Urban informality and livelihoods in Zimbabwe: A case of street vendors in Bulawayo’s two high-density suburbs


Whitehead Zikhali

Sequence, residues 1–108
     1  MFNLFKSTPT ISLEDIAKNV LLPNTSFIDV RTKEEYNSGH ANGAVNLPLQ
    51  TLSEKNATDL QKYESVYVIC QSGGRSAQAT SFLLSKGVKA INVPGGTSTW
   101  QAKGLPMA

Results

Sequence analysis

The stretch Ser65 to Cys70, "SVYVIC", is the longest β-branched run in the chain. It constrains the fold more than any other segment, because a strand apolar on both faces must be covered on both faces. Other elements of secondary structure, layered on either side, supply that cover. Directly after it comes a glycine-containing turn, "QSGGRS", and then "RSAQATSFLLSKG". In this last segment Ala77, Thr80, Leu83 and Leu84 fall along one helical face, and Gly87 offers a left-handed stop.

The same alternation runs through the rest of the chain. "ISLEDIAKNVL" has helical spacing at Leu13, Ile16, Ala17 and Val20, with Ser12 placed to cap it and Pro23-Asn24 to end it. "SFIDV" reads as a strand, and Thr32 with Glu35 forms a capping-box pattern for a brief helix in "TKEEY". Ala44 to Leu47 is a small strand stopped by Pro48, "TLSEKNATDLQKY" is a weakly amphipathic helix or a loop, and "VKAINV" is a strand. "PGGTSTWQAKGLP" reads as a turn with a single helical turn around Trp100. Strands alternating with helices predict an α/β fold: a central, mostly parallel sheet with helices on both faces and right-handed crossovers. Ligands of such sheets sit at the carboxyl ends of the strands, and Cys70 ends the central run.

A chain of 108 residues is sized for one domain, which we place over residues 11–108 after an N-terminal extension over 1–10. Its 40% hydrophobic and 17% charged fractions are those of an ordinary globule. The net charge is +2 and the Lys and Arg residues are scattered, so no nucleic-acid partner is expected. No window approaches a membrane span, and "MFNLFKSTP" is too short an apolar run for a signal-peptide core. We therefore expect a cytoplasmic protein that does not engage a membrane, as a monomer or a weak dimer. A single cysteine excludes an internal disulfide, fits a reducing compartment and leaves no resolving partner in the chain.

A casual walk in most of Zimbabwe’s towns reveals the predominance of urban informality. Some traders have participated in this economy for many years but the sustainability of some activities in specific locales has thus far remained unknown. The study investigated the sustainability of informal/street vending as a livelihood option in two high-density suburbs: Makokoba and Nguboyenja. It employed the sustainable livelihoods framework to ascertain the forms of capital available to these vendors in an urban setting. Employing a multi-sited case methodology in two of Bulawayo’s highdensity suburbs, the study revealed that vendors have limited financial and physical capital, a situation which curtails their ability to expand their businesses. In addition, they face depleting human capital due to migration of family members destined for other economically stable countries, but mostly to South Africa. Vendors also have very limited access to natural capital such as land ownership. Social capital however, is one area also in which the vendors have considerable strength through familial and business networks. Hence, presentations and discussions are presented in aggregate form. Moreover, in their operations, informal vendors utilise various strategies which include setting permanent places from which they operate or mobile units. In the sample, these strategies were distributed by gender. From the discussion, recommendations are that a broader, probability-based study be conducted for generalizable findings and that policymakers be sensitive when making broad pronouncements which have implications on the livelihoods and lives of these vendors


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